The regulation of intracellular iron is a major cellular homeostasis problem. Tightly controlled regulatory mechanisms must be present in the cell to prevent the deleterious effects of iron starvation or iron toxicity. This homeostatic problem is evident at the organism level, where iron deficiency causes anemia, while an excess of iron results in hemochromatosis, both serious cardiovascular diseases. In Saccharomyces cerevisiae, genes encoding iron transporters and iron uptake facilitators are activated by the transcription factors Aft1/2p in low iron conditions. In particular, Aftlp activates the FIT family of proteins that facilitate the uptake of siderophore-bound iron through the cell wall. Previous work from our lab has shown that in normal iron conditions, FIT3 mRNA is highly expressed in cells lacking yeast RNase III and the presence of a 5'extended species in cells deficient in the exoribonucleases Xrn1 and Rat1. The 5'end of these extended species were found to originate ~3.3kb upstream of the FIT3 translation initiation codon. Clearly, the regulation of FIT3 involves mechanisms other than induction by the transcriptional activators Aft1/2p. We propose to study these novel mechanisms of FIT3 regulation associated with cellular iron homeostasis using the yeast Saccharomyces cerevisiae. We are testing the hypothesis that the transcription of the FIT3 gene is repressed in normal iron conditions by transcriptional interference from an upstream promoter. It is unknown whether this upstream promoter is regulated in normal/low iron conditions, which in turn regulates the downstream FIT3 promoter. Our efforts in elucidating the role of transcriptional interference in the regulation of the FIT3 gene will be focused on analyzing the promoter region upstream of the FIT3 gene that gives rise to these 5'extended RNA species. We will also investigate FIT3 repression by upstream non-coding RNAs and the transcriptional regulation of these upstream non-coding RNAs. Lastly, we will identify activator/represser proteins involved in the regulation of the upstream promoter and FIT3 promoter in conditions of low iron. Elucidating the transcriptional regulation of genes involved in iron homeostasis in yeast is important because it could identify regulatory paradigms and novel regulatory proteins, which might be conserved in pathogenic fungi or mammalian iron homeostasis. Our studies should identify novel regulatory proteins and possible regulatory mechanisms that may be conserved in pathogenic yeast fungi and prompt future studies in the development of antifungal therapies, as iron is vital to all known fungi.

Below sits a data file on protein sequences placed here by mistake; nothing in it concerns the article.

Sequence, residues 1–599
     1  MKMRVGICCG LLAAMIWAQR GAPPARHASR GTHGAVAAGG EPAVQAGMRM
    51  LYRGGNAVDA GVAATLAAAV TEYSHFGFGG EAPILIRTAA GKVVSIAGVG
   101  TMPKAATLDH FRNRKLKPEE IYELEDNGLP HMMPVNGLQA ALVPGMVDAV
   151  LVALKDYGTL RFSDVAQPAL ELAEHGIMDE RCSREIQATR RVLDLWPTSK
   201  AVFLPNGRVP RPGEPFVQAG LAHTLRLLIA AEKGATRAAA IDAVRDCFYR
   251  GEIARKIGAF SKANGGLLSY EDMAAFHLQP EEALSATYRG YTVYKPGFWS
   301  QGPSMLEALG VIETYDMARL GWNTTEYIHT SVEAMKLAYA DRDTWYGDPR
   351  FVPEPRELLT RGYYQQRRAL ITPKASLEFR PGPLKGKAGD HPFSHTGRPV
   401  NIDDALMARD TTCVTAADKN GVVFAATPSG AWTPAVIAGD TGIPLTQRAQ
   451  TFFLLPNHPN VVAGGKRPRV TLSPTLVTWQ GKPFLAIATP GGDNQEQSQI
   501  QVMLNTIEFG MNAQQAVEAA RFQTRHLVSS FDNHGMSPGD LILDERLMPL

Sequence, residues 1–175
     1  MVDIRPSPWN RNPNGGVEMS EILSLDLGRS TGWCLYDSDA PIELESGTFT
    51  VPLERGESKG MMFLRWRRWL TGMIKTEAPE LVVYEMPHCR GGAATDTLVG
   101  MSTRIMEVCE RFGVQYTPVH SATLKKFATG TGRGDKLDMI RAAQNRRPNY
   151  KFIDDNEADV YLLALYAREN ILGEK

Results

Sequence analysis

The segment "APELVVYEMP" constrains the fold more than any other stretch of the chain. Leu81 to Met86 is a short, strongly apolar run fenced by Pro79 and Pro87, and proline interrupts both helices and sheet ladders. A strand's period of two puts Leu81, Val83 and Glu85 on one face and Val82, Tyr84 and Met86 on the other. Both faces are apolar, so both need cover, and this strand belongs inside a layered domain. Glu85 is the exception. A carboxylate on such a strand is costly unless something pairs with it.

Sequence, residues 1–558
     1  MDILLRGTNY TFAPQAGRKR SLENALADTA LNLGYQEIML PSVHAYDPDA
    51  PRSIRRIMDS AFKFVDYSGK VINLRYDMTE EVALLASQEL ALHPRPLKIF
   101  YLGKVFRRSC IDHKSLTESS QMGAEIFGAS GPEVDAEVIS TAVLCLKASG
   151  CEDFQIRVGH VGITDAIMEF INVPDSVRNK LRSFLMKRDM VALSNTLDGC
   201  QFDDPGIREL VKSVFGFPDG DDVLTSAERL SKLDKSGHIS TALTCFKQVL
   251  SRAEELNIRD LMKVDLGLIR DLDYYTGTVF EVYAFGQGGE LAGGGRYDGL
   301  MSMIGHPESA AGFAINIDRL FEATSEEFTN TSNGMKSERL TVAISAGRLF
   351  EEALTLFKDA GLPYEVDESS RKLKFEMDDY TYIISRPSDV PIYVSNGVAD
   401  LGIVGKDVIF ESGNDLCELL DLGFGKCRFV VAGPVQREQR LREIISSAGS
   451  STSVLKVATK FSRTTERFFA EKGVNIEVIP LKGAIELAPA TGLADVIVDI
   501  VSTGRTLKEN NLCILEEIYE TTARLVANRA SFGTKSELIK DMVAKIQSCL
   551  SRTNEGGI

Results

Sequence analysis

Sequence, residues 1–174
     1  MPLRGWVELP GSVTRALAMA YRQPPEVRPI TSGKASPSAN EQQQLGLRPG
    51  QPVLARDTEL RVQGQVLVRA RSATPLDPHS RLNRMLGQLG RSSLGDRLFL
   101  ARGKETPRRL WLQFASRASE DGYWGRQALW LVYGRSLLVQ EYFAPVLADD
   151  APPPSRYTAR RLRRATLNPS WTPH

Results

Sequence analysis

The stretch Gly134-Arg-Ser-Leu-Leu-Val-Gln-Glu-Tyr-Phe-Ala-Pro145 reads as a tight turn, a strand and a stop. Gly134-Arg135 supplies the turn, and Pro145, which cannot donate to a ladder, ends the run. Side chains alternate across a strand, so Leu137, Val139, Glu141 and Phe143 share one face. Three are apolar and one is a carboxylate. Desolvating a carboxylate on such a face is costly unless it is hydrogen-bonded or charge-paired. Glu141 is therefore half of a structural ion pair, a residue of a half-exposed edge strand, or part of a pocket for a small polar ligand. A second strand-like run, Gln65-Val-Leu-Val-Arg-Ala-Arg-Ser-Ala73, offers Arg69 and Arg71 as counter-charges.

National Institute of Health (NIH)
National Institute of General Medical Sciences (NIGMS)
Predoctoral Individual National Research Service Award (F31)
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Special Emphasis Panel (ZRG1-GGG-T (29))
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Toliver, Adolphus
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University of California Los Angeles
Schools of Arts and Sciences
Los Angeles
United States
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Toesca, Isabelle; Nery, Camille R; Fernandez, Cesar F et al. (2011) Cryptic transcription mediates repression of subtelomeric metal homeostasis genes. PLoS Genet 7:e1002163